“They just don’t get it” is a phrase I hear a lot when people who work in social media talk about people or companies that are new, struggling or resistant to being immersed in social media. Part of this frustration on those who are consumers or consultants is around the educational component of it. Part of the frustration of those who don’t know or understand social media is the complete need to be educated on something that, in many cases, is altogether new to them. Thus there is a need for education to make everyone’s lives easier.
Educating people on social media, from organizational cultural change to actually tweeting and everything else in between and around it is the talk in Social Nation: How to Harness the Power of Social Media to Attract Customers, Motivate Employees, and Grow Your Business, a book by Barry Libert. The author presents a good book in Social Nation on what social media is, and does a great explanation that it is not just a plug into an organization, rather in some cases how it drives change and thinking of what an organization actually does.
As a believer, practitioner and “walk the talker” of social media, did I have takeaways from this book? Surely. And many of these are driven by interactions with clients and prospective clients with regards to their approach to social media.
Getting into social media today is more complicated than getting into the Web in its early days – I recall fondly building my first commercial Web sites for clients going back to the mid 1990’s. Back then it involved a lot of education and there were always new and changing elements. Today it seems like all that is involved in social media, still in its infancy, is much more comprehensive, intricate and to some complicated than the Web’s infancy. Working with one firm for a Web site may have been all you needed then, today you may work with one offering many services, or many offering just one.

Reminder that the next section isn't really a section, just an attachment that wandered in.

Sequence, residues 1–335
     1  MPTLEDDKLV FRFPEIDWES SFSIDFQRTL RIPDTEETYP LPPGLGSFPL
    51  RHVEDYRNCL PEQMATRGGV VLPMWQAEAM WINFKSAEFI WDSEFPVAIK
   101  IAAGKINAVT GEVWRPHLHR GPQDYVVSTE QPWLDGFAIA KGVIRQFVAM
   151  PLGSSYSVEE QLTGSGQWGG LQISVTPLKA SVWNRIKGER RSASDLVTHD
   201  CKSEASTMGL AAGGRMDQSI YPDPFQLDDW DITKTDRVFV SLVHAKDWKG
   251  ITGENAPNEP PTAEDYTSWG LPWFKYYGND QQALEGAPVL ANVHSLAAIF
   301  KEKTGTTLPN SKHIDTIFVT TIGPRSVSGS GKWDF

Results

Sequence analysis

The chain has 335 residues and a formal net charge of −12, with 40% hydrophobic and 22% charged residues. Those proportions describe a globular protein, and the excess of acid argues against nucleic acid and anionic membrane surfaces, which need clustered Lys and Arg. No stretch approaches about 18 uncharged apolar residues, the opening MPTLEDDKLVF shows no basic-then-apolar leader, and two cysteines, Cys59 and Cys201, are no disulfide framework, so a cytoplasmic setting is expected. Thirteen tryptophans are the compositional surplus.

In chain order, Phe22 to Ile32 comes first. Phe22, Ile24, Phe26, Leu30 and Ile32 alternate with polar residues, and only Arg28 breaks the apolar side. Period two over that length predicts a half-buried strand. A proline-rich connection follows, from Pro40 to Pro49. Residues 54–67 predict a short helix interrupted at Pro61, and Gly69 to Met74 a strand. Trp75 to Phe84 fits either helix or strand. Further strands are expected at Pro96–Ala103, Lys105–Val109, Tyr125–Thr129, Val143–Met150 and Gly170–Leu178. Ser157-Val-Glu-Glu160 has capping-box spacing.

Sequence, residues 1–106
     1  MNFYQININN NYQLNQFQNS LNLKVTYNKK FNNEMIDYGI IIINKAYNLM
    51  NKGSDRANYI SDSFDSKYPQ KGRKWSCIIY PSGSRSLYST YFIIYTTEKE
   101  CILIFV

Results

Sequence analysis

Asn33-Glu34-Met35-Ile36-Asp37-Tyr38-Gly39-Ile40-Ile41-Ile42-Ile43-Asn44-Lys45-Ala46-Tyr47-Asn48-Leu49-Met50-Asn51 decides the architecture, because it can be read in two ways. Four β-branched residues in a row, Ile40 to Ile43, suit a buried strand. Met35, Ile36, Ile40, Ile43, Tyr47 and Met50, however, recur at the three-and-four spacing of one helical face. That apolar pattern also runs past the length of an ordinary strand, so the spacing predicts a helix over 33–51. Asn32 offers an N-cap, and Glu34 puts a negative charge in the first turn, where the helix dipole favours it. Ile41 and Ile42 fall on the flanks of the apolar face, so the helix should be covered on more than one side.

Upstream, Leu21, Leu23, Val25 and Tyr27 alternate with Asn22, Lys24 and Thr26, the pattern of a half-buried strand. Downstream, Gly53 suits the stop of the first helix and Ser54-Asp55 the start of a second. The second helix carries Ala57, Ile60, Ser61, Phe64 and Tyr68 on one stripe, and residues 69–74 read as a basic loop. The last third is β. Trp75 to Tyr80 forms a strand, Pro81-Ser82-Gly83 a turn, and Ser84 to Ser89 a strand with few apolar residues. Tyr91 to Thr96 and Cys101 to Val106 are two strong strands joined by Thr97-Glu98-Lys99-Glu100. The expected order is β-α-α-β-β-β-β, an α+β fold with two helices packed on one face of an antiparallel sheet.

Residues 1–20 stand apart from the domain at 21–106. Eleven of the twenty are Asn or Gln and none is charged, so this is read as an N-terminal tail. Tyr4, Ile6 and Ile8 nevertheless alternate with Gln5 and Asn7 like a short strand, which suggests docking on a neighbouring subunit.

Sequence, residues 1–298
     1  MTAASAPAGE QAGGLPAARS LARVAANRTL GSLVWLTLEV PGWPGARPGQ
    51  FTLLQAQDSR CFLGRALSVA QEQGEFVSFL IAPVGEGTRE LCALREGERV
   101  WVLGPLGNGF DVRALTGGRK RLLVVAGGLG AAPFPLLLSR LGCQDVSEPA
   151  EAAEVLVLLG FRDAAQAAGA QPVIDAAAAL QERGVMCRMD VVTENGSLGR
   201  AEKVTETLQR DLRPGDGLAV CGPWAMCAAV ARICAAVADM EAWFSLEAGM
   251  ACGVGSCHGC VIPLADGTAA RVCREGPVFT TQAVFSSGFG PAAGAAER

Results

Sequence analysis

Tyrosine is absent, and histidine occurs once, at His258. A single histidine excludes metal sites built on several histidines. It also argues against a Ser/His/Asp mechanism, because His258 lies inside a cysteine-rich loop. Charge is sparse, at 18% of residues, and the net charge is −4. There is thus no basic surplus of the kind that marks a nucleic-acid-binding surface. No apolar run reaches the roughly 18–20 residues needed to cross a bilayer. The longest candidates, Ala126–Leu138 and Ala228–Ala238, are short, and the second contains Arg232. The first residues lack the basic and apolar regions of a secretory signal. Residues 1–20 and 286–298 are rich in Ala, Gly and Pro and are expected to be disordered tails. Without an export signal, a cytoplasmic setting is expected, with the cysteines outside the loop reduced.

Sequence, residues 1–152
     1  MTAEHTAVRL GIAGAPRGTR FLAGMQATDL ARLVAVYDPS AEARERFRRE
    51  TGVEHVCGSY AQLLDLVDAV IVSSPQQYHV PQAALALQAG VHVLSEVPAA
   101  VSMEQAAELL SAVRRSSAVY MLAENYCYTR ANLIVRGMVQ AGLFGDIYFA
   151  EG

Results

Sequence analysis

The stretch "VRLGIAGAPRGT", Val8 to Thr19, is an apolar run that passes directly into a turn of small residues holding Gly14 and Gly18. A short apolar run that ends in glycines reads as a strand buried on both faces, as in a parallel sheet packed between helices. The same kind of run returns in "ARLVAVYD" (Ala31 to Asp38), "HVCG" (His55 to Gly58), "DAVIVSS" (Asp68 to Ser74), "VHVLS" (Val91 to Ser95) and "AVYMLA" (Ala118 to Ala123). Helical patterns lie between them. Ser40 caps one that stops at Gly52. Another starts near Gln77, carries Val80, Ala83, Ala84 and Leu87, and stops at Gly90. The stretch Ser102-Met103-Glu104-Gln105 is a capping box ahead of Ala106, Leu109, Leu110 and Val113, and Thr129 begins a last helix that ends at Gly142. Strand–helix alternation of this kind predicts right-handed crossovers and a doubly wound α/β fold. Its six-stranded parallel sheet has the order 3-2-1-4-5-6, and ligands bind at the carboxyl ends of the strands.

Explaining it is not enough and may not always be relevant – just like businesses need to define their niche, social media needs to be articulated to that niche for it to truly be understood. In the book, Libert gives examples about Zappos, Apple, Google and Ducati, but very few about small to mid-sized businesses. These are good examples, but as I can see using his book as one to offer to a client or a prospect client to digest, more relevant issues to less than large companies are more relevant to a small business, especially as I see more copies of this book being read by entrepreneurs than corporate executives.
You need to talk to everyone – Often people think being a social company is just talking to customers, when it should be to talk to everyone, including all employees, partners, investors, etc. Having a common voice to all will make communication overall easier.
Social Nation is a good primer for a business or individual currently not using social media, or is personally but not professionally. It is not for someone already engaged or working with social media, such as myself, as the book is preaching to the proverbial choir at that point. Although saying that, the accompanying Web site to the book, at socialnationbook.com - offers a unique and interesting social quotient (SQ) test. Coming off of reading StrengthsFinder 2.0, this was a similar experience. So what is my SQ? The 3 words that were presented to me after the quiz were Visionary, Creative Thinker and Transparent. You can take the quiz yourself, and there is no charge for it.Book Take-Aways • Business • Strategize • (0) Comments • Permalink
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